Cheng recalled the original staff recommendation when the project went to the Planning Commission in October 2010 was to deny what was then a proposed 24-space parking lot. He said the bank provided revised plans with less impact on the woodland and landmark trees on the property, but it still took a while to come to a consensus.

"Some of the questions that did come up were regarding lighting," he said, expressing confidence that the lighting won't be spilling off site now.

The parking lot layout, as revised, also has been shifted an additional nine feet toward the building, and a continuous six-foot-tall wall is now proposed to be constructed along the eastern and southeastern property lines, screening the parking lot from neighbors.

"They are going beyond the three-foot-tall wall and they've extended it to screen from the neighbors, so there shouldn't be an issue there," Cheng said.


This photo from the Ann Arbor District Library's image gallery shows the 1918 Hoover mansion on Washtenaw Avenue that is now occupied by University Bank.

Photo courtesy of AADL

Three parking spaces fronting the bank building are proposed to be removed to meet fire department turning radius requirements for a new parking total of 50 spaces, according to a staff report. A "no parking" sign is proposed along the north side of the entrance drive.

The bank plans on removing two landmark trees and 19 woodland trees for construction of the screening wall, parking lot and connection drive. Cheng said the bank is going above and beyond to mitigate all of the trees that are being removed.

The original Planned Unit Development zoning for the property was approved in 1978 to allow an adaptive reuse of the site, preserving a residential building that was not protected by historic district designation. The original owner of the 1918-era mansion, Leander J. Hoover, founded the Hoover Steel Ball Company in Ann Arbor in 1913.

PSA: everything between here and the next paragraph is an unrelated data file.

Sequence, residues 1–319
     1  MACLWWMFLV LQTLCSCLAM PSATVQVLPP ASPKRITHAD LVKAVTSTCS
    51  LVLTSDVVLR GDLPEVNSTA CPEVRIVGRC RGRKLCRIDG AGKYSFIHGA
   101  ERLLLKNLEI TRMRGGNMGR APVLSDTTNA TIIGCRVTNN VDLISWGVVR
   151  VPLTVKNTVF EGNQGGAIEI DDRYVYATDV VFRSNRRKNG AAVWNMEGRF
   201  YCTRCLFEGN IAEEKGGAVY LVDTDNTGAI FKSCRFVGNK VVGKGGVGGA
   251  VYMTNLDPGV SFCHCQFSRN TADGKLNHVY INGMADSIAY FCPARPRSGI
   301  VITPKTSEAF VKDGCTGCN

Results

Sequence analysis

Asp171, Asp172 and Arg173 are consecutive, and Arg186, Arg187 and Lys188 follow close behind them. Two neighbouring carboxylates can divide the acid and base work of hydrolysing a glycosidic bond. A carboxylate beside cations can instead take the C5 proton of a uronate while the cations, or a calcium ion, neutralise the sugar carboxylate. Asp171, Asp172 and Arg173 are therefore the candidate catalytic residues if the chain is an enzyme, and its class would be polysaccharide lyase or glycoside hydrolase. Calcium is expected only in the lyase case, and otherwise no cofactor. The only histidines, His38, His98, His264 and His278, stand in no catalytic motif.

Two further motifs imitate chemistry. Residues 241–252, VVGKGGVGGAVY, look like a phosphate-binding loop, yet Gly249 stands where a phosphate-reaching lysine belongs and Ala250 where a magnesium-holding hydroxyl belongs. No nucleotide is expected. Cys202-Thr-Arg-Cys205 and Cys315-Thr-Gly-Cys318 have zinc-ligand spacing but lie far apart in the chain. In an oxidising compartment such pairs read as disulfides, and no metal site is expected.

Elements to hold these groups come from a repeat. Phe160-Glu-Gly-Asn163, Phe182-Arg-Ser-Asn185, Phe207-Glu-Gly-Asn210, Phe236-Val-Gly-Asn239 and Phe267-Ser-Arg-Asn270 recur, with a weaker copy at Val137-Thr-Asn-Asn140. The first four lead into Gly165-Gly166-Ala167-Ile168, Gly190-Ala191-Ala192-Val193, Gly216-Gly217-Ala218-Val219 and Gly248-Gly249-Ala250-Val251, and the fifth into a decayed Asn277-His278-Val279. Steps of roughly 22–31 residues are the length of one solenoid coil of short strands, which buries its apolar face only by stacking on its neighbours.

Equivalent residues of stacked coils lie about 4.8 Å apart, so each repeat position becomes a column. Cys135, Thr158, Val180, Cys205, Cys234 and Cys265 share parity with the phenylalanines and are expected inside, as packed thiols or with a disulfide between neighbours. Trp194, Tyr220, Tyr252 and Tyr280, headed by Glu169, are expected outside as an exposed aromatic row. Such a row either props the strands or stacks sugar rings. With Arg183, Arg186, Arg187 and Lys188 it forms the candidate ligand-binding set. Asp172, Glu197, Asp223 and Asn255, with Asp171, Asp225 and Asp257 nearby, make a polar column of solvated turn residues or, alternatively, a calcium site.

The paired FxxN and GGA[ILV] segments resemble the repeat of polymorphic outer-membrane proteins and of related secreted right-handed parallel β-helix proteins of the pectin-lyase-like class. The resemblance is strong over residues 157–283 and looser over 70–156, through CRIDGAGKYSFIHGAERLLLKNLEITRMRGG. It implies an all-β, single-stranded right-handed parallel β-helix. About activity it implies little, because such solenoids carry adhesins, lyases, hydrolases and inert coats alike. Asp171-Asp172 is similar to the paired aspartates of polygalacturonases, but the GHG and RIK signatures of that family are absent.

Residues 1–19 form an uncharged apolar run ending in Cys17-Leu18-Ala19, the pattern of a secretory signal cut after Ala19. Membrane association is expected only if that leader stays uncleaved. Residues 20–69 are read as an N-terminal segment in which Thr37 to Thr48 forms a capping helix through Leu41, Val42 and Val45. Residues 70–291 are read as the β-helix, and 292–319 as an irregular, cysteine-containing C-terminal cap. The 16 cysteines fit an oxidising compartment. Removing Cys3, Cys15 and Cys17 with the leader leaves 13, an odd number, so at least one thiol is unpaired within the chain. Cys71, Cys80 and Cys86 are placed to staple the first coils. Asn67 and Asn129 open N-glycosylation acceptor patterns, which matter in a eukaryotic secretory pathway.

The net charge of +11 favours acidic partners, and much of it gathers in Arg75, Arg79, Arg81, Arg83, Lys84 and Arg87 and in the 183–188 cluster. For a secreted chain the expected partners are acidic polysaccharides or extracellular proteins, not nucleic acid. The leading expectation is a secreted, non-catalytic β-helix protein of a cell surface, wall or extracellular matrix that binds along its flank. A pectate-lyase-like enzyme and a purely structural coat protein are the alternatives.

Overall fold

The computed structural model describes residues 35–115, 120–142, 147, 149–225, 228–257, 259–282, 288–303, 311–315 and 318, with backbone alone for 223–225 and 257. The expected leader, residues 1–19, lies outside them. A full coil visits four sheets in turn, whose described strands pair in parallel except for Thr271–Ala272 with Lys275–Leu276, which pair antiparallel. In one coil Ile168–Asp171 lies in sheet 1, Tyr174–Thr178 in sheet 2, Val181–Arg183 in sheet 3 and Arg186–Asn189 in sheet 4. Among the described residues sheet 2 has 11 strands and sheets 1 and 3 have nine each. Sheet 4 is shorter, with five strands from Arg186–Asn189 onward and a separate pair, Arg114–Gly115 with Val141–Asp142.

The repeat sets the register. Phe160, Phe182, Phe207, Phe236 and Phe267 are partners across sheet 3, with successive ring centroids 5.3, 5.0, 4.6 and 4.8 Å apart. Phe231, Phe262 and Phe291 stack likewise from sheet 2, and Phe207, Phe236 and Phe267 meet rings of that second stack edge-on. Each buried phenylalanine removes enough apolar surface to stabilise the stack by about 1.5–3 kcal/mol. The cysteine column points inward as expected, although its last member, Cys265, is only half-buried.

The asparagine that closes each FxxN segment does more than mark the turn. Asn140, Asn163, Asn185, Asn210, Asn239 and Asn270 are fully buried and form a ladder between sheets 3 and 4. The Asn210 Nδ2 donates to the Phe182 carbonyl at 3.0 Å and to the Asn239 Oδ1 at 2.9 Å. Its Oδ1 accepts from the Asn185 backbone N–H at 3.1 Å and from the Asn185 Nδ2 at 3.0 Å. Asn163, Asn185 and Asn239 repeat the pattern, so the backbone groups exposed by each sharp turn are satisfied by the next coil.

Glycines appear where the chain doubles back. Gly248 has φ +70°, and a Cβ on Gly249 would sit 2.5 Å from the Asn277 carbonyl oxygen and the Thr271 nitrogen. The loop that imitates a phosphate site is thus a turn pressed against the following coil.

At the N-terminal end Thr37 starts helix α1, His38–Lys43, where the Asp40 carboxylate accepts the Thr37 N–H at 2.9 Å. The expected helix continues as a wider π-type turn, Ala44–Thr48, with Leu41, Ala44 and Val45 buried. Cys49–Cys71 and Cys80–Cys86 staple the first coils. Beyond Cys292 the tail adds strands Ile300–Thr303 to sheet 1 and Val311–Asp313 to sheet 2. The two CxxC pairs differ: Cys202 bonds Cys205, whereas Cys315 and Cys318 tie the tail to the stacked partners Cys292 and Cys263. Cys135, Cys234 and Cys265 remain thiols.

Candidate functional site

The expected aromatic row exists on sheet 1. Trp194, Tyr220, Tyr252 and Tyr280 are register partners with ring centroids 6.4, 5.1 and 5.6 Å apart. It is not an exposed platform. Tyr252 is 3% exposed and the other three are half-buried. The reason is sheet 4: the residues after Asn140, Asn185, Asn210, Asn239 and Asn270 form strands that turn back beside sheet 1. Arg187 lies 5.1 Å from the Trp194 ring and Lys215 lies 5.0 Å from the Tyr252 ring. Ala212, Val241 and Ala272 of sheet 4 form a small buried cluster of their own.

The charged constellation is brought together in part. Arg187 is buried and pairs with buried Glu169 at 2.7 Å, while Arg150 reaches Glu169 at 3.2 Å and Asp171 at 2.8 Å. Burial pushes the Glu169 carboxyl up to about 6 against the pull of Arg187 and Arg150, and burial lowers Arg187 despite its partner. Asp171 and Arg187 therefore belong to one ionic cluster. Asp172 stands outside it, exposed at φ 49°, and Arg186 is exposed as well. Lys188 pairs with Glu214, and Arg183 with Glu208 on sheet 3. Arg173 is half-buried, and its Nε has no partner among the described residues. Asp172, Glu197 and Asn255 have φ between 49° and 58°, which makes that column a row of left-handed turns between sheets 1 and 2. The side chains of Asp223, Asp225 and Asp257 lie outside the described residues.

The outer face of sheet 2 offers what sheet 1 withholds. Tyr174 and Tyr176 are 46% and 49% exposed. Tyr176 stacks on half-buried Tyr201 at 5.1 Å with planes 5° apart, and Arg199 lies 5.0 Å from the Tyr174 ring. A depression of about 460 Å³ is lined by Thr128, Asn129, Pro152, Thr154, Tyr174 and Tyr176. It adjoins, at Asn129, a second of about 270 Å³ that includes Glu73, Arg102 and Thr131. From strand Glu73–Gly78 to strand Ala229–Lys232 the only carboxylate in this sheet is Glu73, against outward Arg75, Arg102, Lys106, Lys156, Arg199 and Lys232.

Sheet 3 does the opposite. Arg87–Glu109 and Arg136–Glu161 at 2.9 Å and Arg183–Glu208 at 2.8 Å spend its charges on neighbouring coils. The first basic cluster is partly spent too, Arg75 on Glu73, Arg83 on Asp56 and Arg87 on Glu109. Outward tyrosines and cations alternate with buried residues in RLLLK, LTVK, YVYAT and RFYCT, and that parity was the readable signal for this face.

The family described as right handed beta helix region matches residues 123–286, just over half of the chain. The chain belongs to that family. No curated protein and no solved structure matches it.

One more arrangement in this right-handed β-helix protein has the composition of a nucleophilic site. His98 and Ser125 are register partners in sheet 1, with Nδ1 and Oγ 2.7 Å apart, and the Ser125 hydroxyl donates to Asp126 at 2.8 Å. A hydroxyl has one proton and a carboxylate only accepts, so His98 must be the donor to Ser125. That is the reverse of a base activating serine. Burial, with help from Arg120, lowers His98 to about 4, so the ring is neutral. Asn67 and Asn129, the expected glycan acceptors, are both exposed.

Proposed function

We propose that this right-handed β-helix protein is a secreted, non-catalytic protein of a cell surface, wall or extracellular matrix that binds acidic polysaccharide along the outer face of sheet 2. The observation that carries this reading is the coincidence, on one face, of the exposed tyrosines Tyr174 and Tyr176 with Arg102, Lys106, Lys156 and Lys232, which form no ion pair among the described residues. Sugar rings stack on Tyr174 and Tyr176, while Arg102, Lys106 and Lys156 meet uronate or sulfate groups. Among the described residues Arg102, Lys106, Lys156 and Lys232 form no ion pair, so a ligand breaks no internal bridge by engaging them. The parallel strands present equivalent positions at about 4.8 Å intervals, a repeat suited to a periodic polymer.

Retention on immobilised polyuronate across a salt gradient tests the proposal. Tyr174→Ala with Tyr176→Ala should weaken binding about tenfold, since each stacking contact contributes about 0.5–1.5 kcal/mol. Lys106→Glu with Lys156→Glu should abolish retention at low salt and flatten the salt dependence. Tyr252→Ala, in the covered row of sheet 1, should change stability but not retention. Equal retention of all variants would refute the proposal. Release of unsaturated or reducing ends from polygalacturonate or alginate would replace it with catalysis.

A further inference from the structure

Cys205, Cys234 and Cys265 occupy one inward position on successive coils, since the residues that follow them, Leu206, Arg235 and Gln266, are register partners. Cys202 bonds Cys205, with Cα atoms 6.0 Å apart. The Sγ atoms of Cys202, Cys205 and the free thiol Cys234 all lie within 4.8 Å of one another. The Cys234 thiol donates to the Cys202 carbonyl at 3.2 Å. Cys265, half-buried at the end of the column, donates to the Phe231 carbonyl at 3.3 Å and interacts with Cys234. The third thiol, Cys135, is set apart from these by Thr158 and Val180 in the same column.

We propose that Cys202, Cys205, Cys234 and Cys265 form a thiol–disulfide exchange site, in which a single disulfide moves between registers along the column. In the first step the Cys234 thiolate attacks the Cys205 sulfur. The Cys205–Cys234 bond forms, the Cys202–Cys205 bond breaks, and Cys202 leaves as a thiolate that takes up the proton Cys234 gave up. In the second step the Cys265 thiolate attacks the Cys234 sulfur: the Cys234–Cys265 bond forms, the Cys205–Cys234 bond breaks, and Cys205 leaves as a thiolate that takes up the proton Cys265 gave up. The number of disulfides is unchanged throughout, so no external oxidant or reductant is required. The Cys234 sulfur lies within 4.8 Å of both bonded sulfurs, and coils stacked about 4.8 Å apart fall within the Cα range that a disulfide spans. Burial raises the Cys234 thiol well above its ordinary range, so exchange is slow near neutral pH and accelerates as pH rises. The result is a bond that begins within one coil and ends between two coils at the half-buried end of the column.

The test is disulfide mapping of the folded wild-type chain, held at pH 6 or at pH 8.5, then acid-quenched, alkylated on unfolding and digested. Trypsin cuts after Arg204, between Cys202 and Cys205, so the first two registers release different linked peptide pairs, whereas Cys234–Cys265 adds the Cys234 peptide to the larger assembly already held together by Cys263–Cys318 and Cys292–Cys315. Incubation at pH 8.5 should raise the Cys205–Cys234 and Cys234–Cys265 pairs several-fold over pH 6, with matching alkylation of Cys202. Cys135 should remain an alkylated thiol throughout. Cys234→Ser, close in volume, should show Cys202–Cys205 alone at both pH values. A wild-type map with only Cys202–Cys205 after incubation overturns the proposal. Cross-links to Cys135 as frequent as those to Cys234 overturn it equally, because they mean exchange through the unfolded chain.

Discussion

One of the cited benefits of allowing the increased parking and employee counts is that it provides incentive for University Bank to stay and continue to maintain the mansion, which once sat vacant and, on at least one occasion, faced possible demolition.

Ranzini said the site of the mansion is 3.4 acres and is worth about $3.6 million. But he said the building, which costs about $200,000 a year to operate, is appraised at just $2 million.

"Office space elsewhere in town is available at much less than that without this large expense of maintaining an expensive building and tying up $2 million," he said.

If the building is not increased in value over time from $2 million to the $3.6 million market value of the property, Ranzini said, some future owner of the property — if University Bank outgrows it — might pursue a different course.

"In fact, if University Bank had not fought an intense legal battle, the building would not be standing today," he added.